'24' To Return To Television In 13-Episode Limited Event Series [Updated]

Update: Entertainment Weekly has learned that the "limited event series" in the works for 24 is actually an order for 13 one-hour episodes. While 24 has always functioned as a 24-hour story spread over 24 episodes, 13 episodes is a full season for a lot of television shows. So it will be interesting to see how developing 24 as a 13-episode limited event series will change the franchise.Since 2007, we've written over three dozen posts on a possible 24 movie. It was something the creators were talking about while the show was still in production. Later it got pushed as an "end of series" theatrical movie. But that never happened, and the series has struggled to get a green light.

Most recently, Training Day director Antoine Fuqua dropped off the project because, according to Fuqua, Kiefer Sutherland's busy TV schedule got in the way of it happening. Today we learned that Sutherland's Fox television show Touch has been cancelled after two seasons. And while this might not have been enough to bring Jack Bauer to the big screen, it may mean a small screen return.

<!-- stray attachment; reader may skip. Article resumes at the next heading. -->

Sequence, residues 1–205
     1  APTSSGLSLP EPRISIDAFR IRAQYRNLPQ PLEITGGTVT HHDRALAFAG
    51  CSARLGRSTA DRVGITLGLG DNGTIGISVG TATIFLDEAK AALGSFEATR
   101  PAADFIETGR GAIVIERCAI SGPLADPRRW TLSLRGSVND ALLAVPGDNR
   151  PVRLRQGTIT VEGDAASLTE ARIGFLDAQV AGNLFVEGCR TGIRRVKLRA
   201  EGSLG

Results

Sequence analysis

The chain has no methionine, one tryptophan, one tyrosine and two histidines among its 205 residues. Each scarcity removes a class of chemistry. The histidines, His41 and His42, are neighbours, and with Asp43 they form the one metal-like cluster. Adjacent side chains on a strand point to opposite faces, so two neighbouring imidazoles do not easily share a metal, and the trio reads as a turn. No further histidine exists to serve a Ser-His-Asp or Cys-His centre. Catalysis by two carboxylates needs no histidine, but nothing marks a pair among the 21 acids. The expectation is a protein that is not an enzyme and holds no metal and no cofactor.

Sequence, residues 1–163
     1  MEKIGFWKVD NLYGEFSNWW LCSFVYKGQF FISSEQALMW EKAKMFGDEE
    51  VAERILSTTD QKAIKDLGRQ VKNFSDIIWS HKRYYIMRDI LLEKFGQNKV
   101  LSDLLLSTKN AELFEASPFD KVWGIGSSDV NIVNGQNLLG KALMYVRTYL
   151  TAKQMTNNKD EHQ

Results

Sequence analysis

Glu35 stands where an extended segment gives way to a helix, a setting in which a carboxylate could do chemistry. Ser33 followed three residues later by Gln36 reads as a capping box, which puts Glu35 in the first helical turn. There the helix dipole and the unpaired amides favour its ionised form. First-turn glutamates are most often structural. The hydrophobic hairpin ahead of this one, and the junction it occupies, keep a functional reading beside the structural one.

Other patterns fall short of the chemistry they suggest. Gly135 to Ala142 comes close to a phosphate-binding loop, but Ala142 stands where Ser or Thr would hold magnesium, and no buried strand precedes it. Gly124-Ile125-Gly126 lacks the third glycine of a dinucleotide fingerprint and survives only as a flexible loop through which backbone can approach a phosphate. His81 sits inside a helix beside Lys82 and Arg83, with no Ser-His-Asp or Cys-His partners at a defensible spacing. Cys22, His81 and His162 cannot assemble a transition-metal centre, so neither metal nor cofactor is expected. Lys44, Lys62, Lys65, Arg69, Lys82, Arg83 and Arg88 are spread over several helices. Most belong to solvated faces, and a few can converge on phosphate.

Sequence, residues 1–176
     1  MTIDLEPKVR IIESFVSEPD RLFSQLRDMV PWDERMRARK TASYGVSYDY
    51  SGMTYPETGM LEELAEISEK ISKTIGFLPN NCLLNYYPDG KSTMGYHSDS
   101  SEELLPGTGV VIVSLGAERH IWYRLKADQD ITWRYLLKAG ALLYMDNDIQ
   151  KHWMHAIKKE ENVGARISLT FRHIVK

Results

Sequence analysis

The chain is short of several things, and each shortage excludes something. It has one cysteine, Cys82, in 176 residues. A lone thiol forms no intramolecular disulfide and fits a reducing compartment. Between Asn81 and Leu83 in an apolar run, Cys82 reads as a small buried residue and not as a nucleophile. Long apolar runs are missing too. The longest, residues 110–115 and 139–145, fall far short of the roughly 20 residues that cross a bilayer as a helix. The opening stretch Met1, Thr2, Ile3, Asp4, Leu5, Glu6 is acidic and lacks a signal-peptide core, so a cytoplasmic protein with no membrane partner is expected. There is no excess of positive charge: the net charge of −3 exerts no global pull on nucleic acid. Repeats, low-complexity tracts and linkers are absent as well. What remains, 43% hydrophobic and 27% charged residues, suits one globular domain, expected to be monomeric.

Deadline has learned that Kiefer Sutherland is in early talks with Fox to reprise CTU agent Jack Bauer in a "limited event series". I'm not sure exactly what that means, but it sounds like a higher budget mini-series rather than a 24-episode/hour ninth season of television.

Some may remember that Fox announced two large-scale limited-run "event series" drama projects earlier this year: Wayward Pines, from M. Night Shyamalan; and Blood Brothers, from Bruce C. McKenna (Band of Brothers, The Pacific), Gary Randall (The Glades, Saving Grace), Timothy Scott Bogart (Majors & Minors, Touched).

Here is a quote from Kevin Reilly, Chairman of Entertainment, Fox Broadcasting Company from January:

"With top-notch auspices and feature-quality production plans, WAYWARD PINES and BLOOD BROTHERS represent exactly the kind of high-impact, 10-to 12-part events we set out to developwhen we entered the limited series business," said Kevin Reilly, Chairman of Entertainment, Fox Broadcasting Company. "These two series are the first of many big ideas, big names and big talent that you can anticipate will be on our air in the next 12-24 months."

This could be the best of both worlds for 24 as it would allow Bauer to live in a higher budget action-filled storyline without having the limits of a two hour movie.

Again, no deals are yet in place, and they don't have a script in place — apparently they are starting from scratch, abandoning all the work that was done on the feature screenplay, and instead going with a completely new story arc likely to be supervised by former 24 showrunner Howard Gordon.